Lastly, spanking someone elses child in inappropriate. While he is ill and doesn't neccesarily know better, for someone who is coherent to do such a thing tells me they shouldn't be around someone else's children at all!

On a side note regarding being kicked in the the private area....I think I've experienced a greater pain. Try natural labor...especially when you dialate quickly! My husband has admitted that he would rather be kicked multiple times that go through having a baby.


Cool your jets Heckya,
In your original post the only information you gave us was your step father has Alzheimer's. Period.

I did not accuse you of anything.

I have been around men and women who have Alzheimer's for the past 8 years. It affects them all the same way- it short circuts their brain. How they react to that is different in each person.

Because you can not actually see the disease- no dropping off of flesh, no dramatic weight loss or change of skin tone - it is hard to remember that the person is seriously sick. Alzheimer's is a silent killer. For kill it does. But in the meantime they look and act and talk normally for the most part.

Since your stepfather was just recently diagnosed you probably haven't really seen the forgetfulness. I am not talking about forgetting to grab his keys as he goes out the door. I am talking about forgetting who you are, who is wife is. Forgetting how to get home from the store. Forgetting how to treat children.

My Mother-in-law was in the final stages of Alzheimer's. Her brain quit telling her to go to the bathroom, and it was not processing the nutrients from her food properly. She still had an appetite, and she ate good but she was loosing weight. She didn't know that the people she was living with were her son and daughter-in-law. But she knew they were kind to her and kept her house neat and clean and orderly. (it is their house not hers).

Ask her who Son 1 and Son 2 were and she knew they were her sons. She had NO memory of Son3. She had NO memory of grandchildren. She had NO memory of ever have been married! Ask her who the father of her children was and that got her terribly confused. She KNEW she had had children, but had no memory what so ever of their father.

She could still tell the seasons, but not the year, month or day. She didn't know if the calendar on the wall was current or not. TV was confusing, movies in black and white were comforting.

She could hold an intelligent conversation with you as long as it was NOT about current events. She would respond to you and include who ever was in her memory at the time. Sometimes it was one of the girlfriends of her youth, sometimes her first boyfriend, more often it was her mother or grandmother.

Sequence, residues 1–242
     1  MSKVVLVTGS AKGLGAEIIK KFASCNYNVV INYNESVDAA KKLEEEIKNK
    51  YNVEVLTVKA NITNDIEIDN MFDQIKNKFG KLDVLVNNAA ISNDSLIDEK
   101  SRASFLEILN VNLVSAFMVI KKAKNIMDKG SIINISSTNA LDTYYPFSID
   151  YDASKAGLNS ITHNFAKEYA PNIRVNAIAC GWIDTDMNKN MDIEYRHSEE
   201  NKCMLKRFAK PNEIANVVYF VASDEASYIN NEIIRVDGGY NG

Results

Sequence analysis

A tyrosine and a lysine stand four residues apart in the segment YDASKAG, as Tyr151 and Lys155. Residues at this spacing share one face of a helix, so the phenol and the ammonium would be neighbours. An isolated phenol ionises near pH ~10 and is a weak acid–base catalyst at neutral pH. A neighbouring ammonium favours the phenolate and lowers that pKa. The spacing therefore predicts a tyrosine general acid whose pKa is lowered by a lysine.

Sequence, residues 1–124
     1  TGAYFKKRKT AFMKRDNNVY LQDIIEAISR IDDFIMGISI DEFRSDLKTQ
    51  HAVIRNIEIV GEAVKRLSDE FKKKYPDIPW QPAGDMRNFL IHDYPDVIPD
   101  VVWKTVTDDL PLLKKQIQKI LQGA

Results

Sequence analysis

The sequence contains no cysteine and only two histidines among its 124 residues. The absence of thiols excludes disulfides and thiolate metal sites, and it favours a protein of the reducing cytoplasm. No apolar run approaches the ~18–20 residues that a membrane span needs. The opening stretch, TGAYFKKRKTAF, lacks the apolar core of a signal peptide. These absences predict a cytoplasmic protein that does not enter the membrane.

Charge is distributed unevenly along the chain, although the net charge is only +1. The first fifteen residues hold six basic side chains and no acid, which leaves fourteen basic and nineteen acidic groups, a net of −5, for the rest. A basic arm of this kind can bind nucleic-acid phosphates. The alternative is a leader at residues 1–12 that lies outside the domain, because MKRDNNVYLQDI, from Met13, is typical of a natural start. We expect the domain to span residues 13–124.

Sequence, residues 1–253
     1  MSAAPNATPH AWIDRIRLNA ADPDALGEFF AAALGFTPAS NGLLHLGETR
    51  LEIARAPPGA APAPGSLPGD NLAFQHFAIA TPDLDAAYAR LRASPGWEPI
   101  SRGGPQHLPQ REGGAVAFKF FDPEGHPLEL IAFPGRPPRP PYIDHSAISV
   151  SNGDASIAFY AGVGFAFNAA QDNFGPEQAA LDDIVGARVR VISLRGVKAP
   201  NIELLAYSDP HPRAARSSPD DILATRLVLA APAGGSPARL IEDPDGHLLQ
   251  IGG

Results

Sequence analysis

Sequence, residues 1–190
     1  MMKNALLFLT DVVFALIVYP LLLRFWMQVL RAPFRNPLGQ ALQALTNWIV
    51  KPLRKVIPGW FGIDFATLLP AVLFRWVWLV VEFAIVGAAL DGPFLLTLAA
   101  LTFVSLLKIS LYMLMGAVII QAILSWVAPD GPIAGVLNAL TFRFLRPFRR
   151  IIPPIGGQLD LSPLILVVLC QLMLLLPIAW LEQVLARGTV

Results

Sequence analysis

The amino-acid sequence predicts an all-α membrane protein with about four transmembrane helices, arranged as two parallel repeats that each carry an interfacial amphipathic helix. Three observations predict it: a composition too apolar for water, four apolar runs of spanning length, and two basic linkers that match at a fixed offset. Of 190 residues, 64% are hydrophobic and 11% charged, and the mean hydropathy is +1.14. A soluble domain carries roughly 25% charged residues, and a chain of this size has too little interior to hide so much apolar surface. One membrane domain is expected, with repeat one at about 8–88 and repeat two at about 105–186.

She was 85 years old when she passed away 11 Feb 2008. Had she not had Alzheimer's, she probably would have lived another decade or two. She was healthy as a "horse".

What I was trying to convey to you, Heckya, is that your stepfather is slowly being controlled by the Alzheimer's. You won't see it, hear it, smell it, but it is happening. YHe is not aware of it either. He is being controlled by it.

Mom's grandchildren were older, just starting into their teens, when she started getting really bad. They were old enough to take over the cooking and walking with her to the grocery store. We had to take the car away from her, and living in the AZ desert we could not let her walk anywhere alone.

From what I have learned, Alzheimer's can affect a person as young as 40. The Dr's figure Mom was one of those people.

He wants to work and doesn't understand/won't acknowledge anything is wrong with him.

It isn't a matter of refusing to acknowledge anything is wrong. He is losing that ability due to the disease. As for telling lies. Chances are at one time your mother did hit him because he was speeding. It probably was just once, and she may not remember it- but he does. In his Alzheimer's affected brain, it is as real to him as your children are to you now.

Might I suggest that you get some literature about Alzheimer's and find out from his Dr where there are support groups and get your stepfather involved in his own treatment. One of the members of the ward fought his diagnosis of Alzheimer's - He wrecked three cars, had so many speeding tickets that his license was taken away. (he had never had a speeding ticket, or an accident in the 60 years he had been driving) Finally his family were able to get him to go to a support group for Alzheimer's patients and their loved ones. There he learned what his disease had done to him, and what it was going to do and how he could learn to live with it and prepare for it.